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Award-winning poet sets off on unusual walk from Minehead
SIMON Armitage performs some of his work to poetry lovers at West Somerset College's Combe Restaurant.
A GENTLY lilting voice spoken in a comforting northern accent kept more than 50 people enthralled at a special evening in Minehead.
The voice belonged to award-winning poet Simon Armitage, and mesmerised the audience at West Somerset College’s Combe Restaurant, the night before he embarked on an incredible journey.
He is walking the northern section of the South West Coast Path to Land’s End without a penny in his pocket, relying purely on donations from nightly poetry readings and offers of a place to rest his head at each day’s destination.
Simon is no stranger to this kind of challenge – in 2010 he walked along the Pennine Way towards the Yorkshire village of Marsden where he was born and subsequently wrote the non-fiction book Walking Home.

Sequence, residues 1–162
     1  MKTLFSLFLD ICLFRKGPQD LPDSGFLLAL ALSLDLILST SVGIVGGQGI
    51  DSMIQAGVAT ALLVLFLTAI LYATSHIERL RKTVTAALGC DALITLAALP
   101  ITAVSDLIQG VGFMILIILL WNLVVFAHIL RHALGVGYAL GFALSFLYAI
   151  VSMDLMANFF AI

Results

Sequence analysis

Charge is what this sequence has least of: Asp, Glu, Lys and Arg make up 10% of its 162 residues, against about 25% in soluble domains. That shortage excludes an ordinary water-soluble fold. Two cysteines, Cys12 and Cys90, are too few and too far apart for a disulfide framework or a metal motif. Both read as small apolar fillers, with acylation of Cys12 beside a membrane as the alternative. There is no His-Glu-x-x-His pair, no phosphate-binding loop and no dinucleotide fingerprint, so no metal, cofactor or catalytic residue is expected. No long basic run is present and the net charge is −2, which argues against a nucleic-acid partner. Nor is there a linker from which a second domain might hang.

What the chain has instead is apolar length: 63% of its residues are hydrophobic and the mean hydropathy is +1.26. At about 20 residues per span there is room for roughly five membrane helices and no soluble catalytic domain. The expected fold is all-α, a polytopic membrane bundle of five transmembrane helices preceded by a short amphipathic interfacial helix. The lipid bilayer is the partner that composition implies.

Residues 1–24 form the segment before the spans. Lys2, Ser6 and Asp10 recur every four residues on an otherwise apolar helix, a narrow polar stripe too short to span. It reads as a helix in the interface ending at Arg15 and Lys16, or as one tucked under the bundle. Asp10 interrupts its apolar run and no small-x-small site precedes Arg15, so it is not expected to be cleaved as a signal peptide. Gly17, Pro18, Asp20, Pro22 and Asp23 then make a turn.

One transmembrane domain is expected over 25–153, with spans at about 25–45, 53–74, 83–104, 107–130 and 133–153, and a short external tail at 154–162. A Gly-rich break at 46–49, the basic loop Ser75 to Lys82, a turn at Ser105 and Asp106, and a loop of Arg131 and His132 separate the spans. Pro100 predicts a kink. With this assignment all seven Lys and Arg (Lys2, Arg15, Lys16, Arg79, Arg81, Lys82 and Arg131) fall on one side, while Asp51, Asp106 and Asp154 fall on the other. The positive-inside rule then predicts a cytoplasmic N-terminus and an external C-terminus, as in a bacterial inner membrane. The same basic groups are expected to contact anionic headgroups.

Poetry lovers from across West Somerset gathered to enjoy his first night’s reading, where he performed poems such as The Tyre, Beach Wedding and Kid just hours before setting off from the iconic map statue on Minehead’s seafront.
Simon said: “When I finished the Pennine Way I said I wouldn't do it again, but eventually curiosity got the better of me and I decided that I still had one long walk left in me.
“I chose to do a walk away from home this time, and tried to find a vector and direction that would take me continually away from Yorkshire, which this section of the South West Coast Path does.
“There’s an element of testing my reputation as a poet and testing poetry’s reputation, to see whether people consider this a good night out.
“The mischief-maker in me wonders if I am also testing the generosity of the people in the north with people in the south.”
Simon plans to make recordings on his phone as he walks and to work from those to create poetry written in response to the walk.
He added: “I have already written several pages – I was staying at Butlin’s, so there was no shortage of material there.”
During the evening Simon invited questions and discussion, which covered topics as diverse as his work on the 9/11 tragedy, Out of the Blue, and what to expect when he reached Countisbury Hill on the walk.
Jean Page from the U3A Poetry Group based in Minehead said: “We loved it. Recently we read some of his poems and some are so funny.
“But what was touching today was the basic seriousness of the poems he selected.”
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